[messaging] RFC: (n+1)sec secure group chat - protocol specification draft
ruud at equalit.ie
Thu Feb 9 20:55:34 PST 2017
The (n+1)sec project  is our  approach to developing a secure multiparty
chat system, implemented as a library that sends encrypted messages over
arbitrary carrier chat-systems. It aims to achieve chat security properties
similar to those of OTR -- confidentiality, authentication, deniability,
forward secrecy -- while adding chat-session authorization controls and
chat-consistency assurances. As with OTR, a major concern is to provide
security without sacrificing too much usability, and thus to avoid designing
a beautiful system that nobody will use because of its complexity.
Reliability is another priority, and we are trying to make sure the system
behaves sensibly in real-world contexts that include frequent casual attacks,
network connections breaking down, and other complications.
A couple of months ago, we published a draft  of a design outline for the
(n+1)sec system, describing what model of communication (n+1)sec can support,
what communication infrastructure it needs to make that happen, and what
security properties it can deliver in that setting. Since then, we have been
busy implementing a version of the (n+1)sec library that realizes that
design. After having gone through several iterations of design,
implementation, and practical testing, we have now arrived at a version of
the library  and proof-of-concept client  that we feel works well in
practice. This implementation is based on the design in , though amended
in certain places where practical testing found parts of the design that did
not work as well as we had hoped.
In order to facilitate independent study and analysis of the (n+1)sec system,
we have written a draft  specification of the protocol used by (n+1)sec.
This specification describes the abstract cryptographic protocol used by
(n+1)sec, and the assumptions it relies on; a codification of the model
driving (n+1)sec; and the specification and semantics of all communication
exchanged by users of the protocol.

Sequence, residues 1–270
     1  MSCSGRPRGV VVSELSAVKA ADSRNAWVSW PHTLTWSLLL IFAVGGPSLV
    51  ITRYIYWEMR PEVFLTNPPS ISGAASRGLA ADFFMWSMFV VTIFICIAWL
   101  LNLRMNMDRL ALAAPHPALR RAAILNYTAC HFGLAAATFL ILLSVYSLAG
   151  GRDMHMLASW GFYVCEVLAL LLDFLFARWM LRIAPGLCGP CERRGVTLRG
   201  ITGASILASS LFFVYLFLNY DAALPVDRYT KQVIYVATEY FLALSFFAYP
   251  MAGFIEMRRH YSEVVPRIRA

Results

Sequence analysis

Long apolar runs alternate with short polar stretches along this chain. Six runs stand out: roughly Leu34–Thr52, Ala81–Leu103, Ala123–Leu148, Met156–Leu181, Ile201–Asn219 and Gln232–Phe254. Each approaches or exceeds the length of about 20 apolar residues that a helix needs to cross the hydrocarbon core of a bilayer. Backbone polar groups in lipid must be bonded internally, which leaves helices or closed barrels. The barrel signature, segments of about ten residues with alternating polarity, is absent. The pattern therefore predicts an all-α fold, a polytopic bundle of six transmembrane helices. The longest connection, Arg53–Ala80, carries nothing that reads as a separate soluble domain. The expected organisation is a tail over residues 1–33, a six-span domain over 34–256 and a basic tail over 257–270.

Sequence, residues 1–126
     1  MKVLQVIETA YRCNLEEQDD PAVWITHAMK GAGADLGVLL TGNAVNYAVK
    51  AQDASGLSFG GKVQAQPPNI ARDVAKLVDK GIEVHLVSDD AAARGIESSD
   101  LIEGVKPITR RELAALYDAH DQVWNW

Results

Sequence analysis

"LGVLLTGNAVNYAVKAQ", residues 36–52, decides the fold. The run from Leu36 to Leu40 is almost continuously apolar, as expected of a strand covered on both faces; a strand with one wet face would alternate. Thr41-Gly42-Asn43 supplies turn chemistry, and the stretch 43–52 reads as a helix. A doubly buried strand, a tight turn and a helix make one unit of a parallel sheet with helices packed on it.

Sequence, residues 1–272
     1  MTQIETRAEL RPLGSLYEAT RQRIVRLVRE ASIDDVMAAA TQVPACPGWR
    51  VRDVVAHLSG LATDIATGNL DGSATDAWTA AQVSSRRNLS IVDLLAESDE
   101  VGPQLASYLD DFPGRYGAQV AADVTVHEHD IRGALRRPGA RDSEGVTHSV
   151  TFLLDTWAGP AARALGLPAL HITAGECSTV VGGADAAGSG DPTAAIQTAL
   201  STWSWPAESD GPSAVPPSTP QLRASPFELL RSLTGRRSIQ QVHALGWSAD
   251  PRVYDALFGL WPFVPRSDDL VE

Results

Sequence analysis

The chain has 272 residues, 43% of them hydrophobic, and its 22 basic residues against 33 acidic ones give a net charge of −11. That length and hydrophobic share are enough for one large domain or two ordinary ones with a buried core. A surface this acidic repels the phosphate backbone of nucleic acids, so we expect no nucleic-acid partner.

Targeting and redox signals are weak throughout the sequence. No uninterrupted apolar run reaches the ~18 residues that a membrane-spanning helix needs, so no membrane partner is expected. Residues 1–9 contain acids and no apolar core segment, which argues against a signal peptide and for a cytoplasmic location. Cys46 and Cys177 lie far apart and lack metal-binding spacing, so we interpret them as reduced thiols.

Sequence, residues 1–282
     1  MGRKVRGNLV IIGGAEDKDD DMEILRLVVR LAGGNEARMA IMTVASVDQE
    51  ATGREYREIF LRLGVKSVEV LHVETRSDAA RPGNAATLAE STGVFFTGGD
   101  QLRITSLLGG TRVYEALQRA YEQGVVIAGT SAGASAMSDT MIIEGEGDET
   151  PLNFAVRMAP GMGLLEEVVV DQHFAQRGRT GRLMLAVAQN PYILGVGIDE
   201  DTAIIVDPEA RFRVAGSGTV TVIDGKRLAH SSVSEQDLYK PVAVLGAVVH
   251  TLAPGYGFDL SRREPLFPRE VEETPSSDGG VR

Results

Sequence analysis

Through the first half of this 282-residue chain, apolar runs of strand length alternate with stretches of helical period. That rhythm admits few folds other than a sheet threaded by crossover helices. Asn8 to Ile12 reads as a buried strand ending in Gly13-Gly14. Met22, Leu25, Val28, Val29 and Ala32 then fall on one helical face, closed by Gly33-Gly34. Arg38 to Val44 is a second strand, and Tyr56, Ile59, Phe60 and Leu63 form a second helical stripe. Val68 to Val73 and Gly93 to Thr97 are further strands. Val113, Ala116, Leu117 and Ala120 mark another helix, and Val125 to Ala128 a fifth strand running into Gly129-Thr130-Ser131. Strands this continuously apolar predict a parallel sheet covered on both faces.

This document is a draft, not a finished specification. There is a number of
elements that a well-polished, real-world-ready protocol specification should
include, that have not yet been completed in this draft version of the
specification. The protocol specification does not yet describe in any
- what the (n+1)sec protocol accomplishes;
- how (n+1)sec chat behaves from a user point of view;
- what security properties (n+1)sec can guarantee, and against what threats;
- the exact encoding used for encoding abstract (n+1)sec messages as byte
The specification could also use a conceptual bird's-eye overview of the
Despite these omissions in this draft version of the protocol specification,
we'd be very interested in hearing what the members of the cryptographic
messaging community have to say about this protocol design. We are planning
to have the fine folks at NCC Group  take a look at the (n+1)sec design,
and perform a formal audit of the protocol and implementation alike; we are
preparing a version of the protocol specification for them to review. In the
meantime, we would love to hear the opinions of the wider community as well,
regarding what we have so far. Does the protocol design sound sensible? Are
there any obvious security problems, cryptographic or otherwise? Does the
design appear to be able to handle the rigours or use in real-world
conditions? Anything we should improve? Besides "go finish these missing
sections", that is :-)
We'd be very grateful for your comments, criticisms, suggestions and thoughts
on our work. Please email us and let us know what you think.
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